- The Washington Times - Wednesday, February 18, 2004

More than 115 combined years of musical experience reside in the consciousnesses of Asleep at the Wheel, The Holmes Brothers and Dr. John. This week, they each bring their unique selection of musical knowledge to the Washington area.

For Asleep at the Wheel (tonight at the State Theater in Falls Church), that knowledge covers the style known as Western swing. Country Music Hall of Famer Bob Wills and his Texas Playboys popularized this lively hybrid mix of country, jazz, and pop music 70 years ago.

“Bob Wills played anything he wanted and that his audience wanted. The only difference was the instrumentation,” says Asleep at the Wheel leader and co-founder Ray Benson. “And that’s the charm of it. If we didn’t have a steel guitar, fiddle and piano, we couldn’t be a Western swing band.”

The band plays everything from classic Bob Wills Western swing songs — such as “Faded Love” and “Take Me Back to Tulsa” — to R&B, pop, jazz and more.

“I’ll do a Charlie Rich kind of rock ‘n’ roll/R&B-like thing,” Mr. Benson says. “The cool thing is that it’s fiddle and steel guitar playing where other bands would have horns playing. And that’s Western swing.”

Mr. Benson and Asleep at the Wheel have been playing Western swing for 35 years. Over those years, more than 80 different band members have played in the eight- to 10-person ensemble. It’s Mr. Benson’s commitment to the music that keeps the band thriving.

“My first goal in 1969 was to perpetuate this music in its live form,” Mr. Benson recalls. “But the second goal was to bring it back to the sons and daughters of the generation before it. Actually, it’s skipped two generations, but I’ve got 20-year-olds in my band who are phenomenal players of this genre.”

Two of those players are fiddlers Jason Roberts and Haydn Vitera. Together, they skillfully recreate the twin fiddle sound for Bob Wills classics such as “San Antonio Rose.” Keeping it in the Bob Wills family, Mr. Roberts is a young cousin of great Texas Playboy fiddler Johnny Gimble. Mr. Vitera also has a fine singing voice, which can be heard in both English and Spanish on songs such as the Freddy Fender hit “Before the Next Teardrop Falls.”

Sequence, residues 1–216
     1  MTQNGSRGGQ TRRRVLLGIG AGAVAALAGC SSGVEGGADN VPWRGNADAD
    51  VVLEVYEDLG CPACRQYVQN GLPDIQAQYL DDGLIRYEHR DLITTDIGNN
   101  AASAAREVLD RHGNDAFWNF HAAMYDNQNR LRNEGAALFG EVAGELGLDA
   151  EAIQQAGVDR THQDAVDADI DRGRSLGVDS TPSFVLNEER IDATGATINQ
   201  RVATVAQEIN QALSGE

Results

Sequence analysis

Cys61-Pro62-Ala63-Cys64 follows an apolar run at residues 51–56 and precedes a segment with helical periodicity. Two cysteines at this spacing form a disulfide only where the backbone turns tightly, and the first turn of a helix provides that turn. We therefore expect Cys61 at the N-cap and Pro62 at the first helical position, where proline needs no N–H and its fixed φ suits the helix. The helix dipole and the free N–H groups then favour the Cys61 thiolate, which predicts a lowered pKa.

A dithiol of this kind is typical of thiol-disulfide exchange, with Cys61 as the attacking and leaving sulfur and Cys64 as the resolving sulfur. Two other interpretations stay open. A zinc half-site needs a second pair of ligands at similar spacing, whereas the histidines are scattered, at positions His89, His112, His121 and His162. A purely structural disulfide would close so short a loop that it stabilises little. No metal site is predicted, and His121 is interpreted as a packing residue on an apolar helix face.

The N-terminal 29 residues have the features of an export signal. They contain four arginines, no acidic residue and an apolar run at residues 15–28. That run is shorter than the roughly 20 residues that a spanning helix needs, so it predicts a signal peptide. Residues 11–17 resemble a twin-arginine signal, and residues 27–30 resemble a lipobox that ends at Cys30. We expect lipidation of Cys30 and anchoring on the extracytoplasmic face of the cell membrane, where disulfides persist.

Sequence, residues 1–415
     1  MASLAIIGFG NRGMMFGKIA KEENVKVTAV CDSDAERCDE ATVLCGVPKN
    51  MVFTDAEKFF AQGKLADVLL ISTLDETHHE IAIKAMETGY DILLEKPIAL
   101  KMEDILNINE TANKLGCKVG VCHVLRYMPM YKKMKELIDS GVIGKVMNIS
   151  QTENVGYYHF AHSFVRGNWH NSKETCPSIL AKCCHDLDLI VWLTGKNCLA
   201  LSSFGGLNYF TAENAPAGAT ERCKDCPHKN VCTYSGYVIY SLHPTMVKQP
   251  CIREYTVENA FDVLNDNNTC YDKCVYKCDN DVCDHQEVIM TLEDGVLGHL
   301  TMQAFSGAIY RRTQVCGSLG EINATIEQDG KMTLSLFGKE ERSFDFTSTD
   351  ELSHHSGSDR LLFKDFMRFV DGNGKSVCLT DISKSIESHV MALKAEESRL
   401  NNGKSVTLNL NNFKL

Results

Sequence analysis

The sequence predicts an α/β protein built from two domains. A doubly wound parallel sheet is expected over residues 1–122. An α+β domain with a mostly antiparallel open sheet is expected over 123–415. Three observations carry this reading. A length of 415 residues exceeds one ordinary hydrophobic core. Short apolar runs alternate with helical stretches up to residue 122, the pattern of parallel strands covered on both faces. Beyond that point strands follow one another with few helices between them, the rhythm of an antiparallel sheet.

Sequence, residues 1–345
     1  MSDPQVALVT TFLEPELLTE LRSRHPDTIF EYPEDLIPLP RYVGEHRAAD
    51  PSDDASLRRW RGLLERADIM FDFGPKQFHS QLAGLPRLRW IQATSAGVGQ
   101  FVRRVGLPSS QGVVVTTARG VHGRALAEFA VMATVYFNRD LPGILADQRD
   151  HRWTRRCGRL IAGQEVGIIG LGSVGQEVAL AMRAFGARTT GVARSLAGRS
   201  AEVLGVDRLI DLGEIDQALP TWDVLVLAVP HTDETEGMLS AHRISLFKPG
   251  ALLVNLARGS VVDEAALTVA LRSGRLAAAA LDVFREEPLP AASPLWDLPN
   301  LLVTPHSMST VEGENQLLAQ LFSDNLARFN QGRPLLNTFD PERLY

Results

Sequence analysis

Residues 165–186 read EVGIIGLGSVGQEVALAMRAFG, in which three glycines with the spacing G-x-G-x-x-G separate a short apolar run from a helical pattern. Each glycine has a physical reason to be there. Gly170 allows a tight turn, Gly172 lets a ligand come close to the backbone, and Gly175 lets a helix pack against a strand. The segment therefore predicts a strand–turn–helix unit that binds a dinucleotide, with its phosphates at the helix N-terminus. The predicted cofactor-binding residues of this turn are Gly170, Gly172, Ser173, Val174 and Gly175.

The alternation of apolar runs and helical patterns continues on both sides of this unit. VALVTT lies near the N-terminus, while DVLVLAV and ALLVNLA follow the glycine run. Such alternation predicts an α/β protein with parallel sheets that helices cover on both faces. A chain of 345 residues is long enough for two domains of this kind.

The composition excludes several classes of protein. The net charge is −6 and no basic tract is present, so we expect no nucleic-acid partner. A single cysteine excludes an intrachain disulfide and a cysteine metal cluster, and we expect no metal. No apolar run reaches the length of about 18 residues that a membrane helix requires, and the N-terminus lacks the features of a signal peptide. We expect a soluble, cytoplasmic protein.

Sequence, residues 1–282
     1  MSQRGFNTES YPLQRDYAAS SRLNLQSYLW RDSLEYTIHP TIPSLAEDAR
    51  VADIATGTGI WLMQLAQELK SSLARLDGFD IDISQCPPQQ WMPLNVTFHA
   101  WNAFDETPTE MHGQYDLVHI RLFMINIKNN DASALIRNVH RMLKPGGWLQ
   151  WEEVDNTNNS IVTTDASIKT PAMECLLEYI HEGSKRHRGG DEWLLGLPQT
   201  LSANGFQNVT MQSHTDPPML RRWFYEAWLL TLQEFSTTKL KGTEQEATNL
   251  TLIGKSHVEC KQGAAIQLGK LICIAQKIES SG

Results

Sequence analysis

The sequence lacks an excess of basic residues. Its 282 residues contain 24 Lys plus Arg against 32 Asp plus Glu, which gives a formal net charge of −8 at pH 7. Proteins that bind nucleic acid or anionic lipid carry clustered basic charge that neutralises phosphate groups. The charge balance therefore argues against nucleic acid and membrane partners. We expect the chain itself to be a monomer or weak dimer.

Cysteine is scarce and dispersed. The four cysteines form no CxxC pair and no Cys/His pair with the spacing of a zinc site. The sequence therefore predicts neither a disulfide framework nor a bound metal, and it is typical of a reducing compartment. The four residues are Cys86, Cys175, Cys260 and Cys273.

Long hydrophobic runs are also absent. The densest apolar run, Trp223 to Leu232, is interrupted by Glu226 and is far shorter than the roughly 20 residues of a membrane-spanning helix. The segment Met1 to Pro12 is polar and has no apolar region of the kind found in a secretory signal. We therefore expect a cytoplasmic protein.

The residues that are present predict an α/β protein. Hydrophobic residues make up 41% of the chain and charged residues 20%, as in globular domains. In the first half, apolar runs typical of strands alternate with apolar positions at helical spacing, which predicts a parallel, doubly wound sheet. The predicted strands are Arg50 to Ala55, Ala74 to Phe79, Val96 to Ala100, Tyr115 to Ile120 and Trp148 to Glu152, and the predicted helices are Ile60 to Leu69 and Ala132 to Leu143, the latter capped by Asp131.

One can also expect that this year’s show will include some selections from the group’s newest album, “Asleep at the Wheel Remembers the Alamo.”

“There’s nothing more Texas than the Alamo,” Mr. Benson says. “You’re surrounded by it here in Texas. The myth and the reality of the Alamo are staring you in the face. It’s fascinating. The music is incredible.”

A collection of songs related to the Alamo, the album includes such gems as “Remember the Alamo,” “Yellow Rose of Texas” and “Ballad of Davy Crockett.”

• • •

The Holmes Brothers, who will play a free concert on the Kennedy Center Millennium Stage on Sunday, have also made their mark by playing different genres in their own special way.

“I think that we have a unique sound,” bassist Sherman Holmes says. “And we do a variety of music. We use our own way of arranging. So I think that has made us stand out.”

Their style is a blend of blues, gospel and R&B that they started playing in New York in the ‘60s.

“Years ago when we played, we just played anything we knew,” Sherman says. “If we didn’t have enough songs, we might play a music lesson or a classical song. Anything we could think of, we threw in there. … So I suppose we’re influenced by it, by many genres.”

Their music is loose and rootsy but never sloppy, and their energy is infectious. After touring all over the world, guitarist Wendell Holmes, bassist Sherman and drummer Popsy Dixon have developed a special rapport.

“We know each other’s little nuances and stuff,” Sherman Holmes says. “We have the feel of playing together. And we hear each other, you know — we listen.”

• • •

Mac Rebennack, or Dr. John, as he’s known to fans, knows how to make it look easy. He’s been sliding around in that greasy gumbo of musical styles that makes up the New Orleans sound since the early ‘60s. He has played with everyone from the Rolling Stones and B.B. King to Carly Simon and Harry Connick Jr. His funky rolling piano is like no other. With any luck, his show at the Birchmere on Saturday will include his biggest hits, “Right Place, Wrong Time” and “Such a Night,” along with a little Mardi Gras music like “Iko, Iko” or “Zulu King,” and finally some Duke Ellington and Cole Porter.

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